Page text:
A jet engine burns fuel and generates thrust and how well it does so, is judged by how much fuel it uses to generate it
Early 2018, General Electric (GE) completed its first flight test of the world’s largest jet engine GE9X being built for the new long-haul Boeing 777X due to take to the skies in 2020. It was tested under the wing of GE Aviation’s Boeing 747 flying test-bed. The engine has approximately the same diameter as the fuselage of a Boeing 737 and houses a 134-inch-diameter front fan. The final engine certification is expected in 2019. The 100,000-pound thrust engine will be the most fuel-efficient engine the company has ever produced and five percent more economical than any twin-aisle engine in the market. On a per-pounds-of-thrust basis, the engine is claimed to be the quietest. GE’s partners in the GE9X project include France’s Safran, Japan’s IHI Corporation and Germany’s MTU Aero Engines. Interestingly, one main engine of the space shuttle produces 375,000 pounds. The world record still belongs to the GE predecessor engine from GE, the GE90-115B, which generated 127,500 pounds of thrust and had record pressure ratio of 23:1. GE90’s fan is an advanced, larger diameter unit made from composite materials and was the first production engine to feature swept rotor blades. It has an in-flight shutdown rate (IFSD) of one per million engine flight-hours. It accumulated more than eight million cycles and 50 million flight hours in 20 years. By the way, GE also built the first US jet engine in 1942.
Air breathing jet engines are essentially combustion engines and include turbojets, turbofans, ramjets and pulse jets. In general, jet engines are combustion engines. Most modern subsonic jet aircraft use complex high-bypass turbofan engines. They give higher speed and greater fuel efficiency. High speed applications (ramjets and scramjets) use the ram effect of the vehicle’s speed instead of a mechanical compressor. Turbofans have an additional fan at the front of the engine, which accelerates air in a duct bypassing the core gas turbine engine and make these more efficient. Turbofans are the dominant engine type for medium and long-range airliners. At high speeds, the large frontal area of turbofans generates more drag and therefore, for supersonic flight, they are not used. The thrust of a typical jetliner engine went from 5,000 pounds in the 1950s to 115,000 pounds in the 1990s. Reliability has gone up from 40 in-flight shutdowns per 100,000 engine flight hours to less than one per 100,000 in the late 1990s. This, combined with greatly decreased fuel consumption, has allowed very long haul flights. Jet engine designs are frequently modified for non-aircraft applications, as industrial turbines and marine power plants.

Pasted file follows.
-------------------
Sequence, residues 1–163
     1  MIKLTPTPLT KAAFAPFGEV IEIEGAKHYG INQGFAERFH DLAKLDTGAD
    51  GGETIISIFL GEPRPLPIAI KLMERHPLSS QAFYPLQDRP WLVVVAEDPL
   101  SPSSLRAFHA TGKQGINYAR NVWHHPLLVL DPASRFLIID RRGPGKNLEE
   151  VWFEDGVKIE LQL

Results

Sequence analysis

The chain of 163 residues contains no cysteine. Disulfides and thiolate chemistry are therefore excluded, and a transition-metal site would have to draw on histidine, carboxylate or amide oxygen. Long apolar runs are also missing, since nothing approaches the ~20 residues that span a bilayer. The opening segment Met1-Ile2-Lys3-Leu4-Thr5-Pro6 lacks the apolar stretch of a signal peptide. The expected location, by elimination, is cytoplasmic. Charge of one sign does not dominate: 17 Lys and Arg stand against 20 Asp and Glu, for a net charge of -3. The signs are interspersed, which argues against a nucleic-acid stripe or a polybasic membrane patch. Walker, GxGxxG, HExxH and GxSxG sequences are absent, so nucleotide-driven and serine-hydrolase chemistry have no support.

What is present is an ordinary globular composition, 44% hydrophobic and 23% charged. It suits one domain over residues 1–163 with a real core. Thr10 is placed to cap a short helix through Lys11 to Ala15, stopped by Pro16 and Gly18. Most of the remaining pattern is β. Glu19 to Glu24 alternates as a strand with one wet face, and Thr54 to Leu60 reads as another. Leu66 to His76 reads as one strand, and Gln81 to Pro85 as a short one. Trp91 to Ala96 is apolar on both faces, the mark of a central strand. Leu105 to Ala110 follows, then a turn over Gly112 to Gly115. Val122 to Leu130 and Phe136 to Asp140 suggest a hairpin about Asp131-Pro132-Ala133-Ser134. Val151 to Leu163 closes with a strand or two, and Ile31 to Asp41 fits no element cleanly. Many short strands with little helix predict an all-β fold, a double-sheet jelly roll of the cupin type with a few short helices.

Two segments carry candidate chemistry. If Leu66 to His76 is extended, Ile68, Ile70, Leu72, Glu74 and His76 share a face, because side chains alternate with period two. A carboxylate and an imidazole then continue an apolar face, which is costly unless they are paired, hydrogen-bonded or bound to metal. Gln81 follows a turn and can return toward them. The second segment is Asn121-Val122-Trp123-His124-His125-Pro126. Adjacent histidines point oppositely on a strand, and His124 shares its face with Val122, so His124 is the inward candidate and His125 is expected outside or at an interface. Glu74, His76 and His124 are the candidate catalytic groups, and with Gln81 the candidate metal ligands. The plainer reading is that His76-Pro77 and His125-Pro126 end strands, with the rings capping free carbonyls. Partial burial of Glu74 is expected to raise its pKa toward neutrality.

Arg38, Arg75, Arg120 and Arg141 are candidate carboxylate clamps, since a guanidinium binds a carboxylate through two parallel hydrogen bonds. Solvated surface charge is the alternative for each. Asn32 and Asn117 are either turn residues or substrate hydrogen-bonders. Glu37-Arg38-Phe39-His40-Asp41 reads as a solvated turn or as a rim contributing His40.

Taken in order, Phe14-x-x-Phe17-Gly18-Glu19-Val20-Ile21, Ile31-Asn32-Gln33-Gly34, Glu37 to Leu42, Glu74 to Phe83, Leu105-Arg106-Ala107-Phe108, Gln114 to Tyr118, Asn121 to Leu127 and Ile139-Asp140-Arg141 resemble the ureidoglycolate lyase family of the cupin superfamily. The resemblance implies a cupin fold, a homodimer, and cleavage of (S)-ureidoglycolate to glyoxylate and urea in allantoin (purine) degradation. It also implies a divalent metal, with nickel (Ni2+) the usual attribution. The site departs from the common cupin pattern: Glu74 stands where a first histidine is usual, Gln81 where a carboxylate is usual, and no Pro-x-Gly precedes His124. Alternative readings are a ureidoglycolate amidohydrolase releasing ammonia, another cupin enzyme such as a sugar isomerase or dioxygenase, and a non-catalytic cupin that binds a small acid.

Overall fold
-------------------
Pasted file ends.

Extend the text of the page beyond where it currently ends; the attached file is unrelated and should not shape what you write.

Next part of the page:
The engines were assembled at the company’s massive jet engine plant near Peebles, Ohio. The engine also has 3D-printed fuel nozzles and the most extensive use of parts made from lightweight and ultra heat-resistant materials called ceramic matrix composites (CMCs) allowing complex internal shapes that were previously impossible to achieve. CMCs operate in temperatures as high as 2,400 degrees Fahrenheit and allow keep the heat inside the engine while reducing fuel burn and emissions. The hotter the engine can run, the more efficient it is. The engine also uses 16 fourth-generation carbon-fibre fan blades that feed air into an 11-stage high-pressure compressor with a 27:1 pressure ratio, the highest in any engine, which also boosts the engine’s efficiency. GE Aviation, which is the exclusive engine maker for the 777X, has received orders for more than 700 GE9X engines valued at $29 billion from airlines including Emirates, Lufthansa, Etihad Airways, Qatar Airways and Cathay Pacific.
ENERGY EFFICIENCY - AIRCRAFT JET ENGINES
A jet engine burns fuel and generates thrust and how well it does so, is judged by how much fuel it uses to generate it. This is a measure of its efficiency. If air/combustion gases flow more smoothly, the engine will be more efficient and will use less fuel. This is called specific fuel consumption. The thrust-to-weight ratio of jet engines is an important parameter. The lighter the engine, the better the thrust-to-weight ratio and lesser fuel is used to compensate for drag due to the lift needed to carry the engine weight or to accelerate the mass of the engine. Turbofans have a mixed exhaust consisting of the bypass air and the hot combustion product gas from the core engine. The amount of air that bypasses the core engine compared to the amount flowing into the engine determines what is called a turbofan’s bypass ratio (BPR). While a turbojet engine uses all of the engine’s output to produce thrust in the form of a hot high-velocity exhaust gas jet, a turbofan’s cool low-velocity bypass air yields between 30 and 70 per cent of the total thrust produced by a turbofan system. The advent of the turbofan replaced the very distinctive jet noise with another sound known as “buzz saw” noise. Low-bypass engines are preferred for military applications such as fighters due to high thrust-toweight ratio, while high-bypass ratio engines are preferred for civil use for good fuel efficiency and low noise. High-bypass turbofans are usually most efficient when the aircraft is traveling at 800 to 885 kmph, the cruise speed of most large airliners.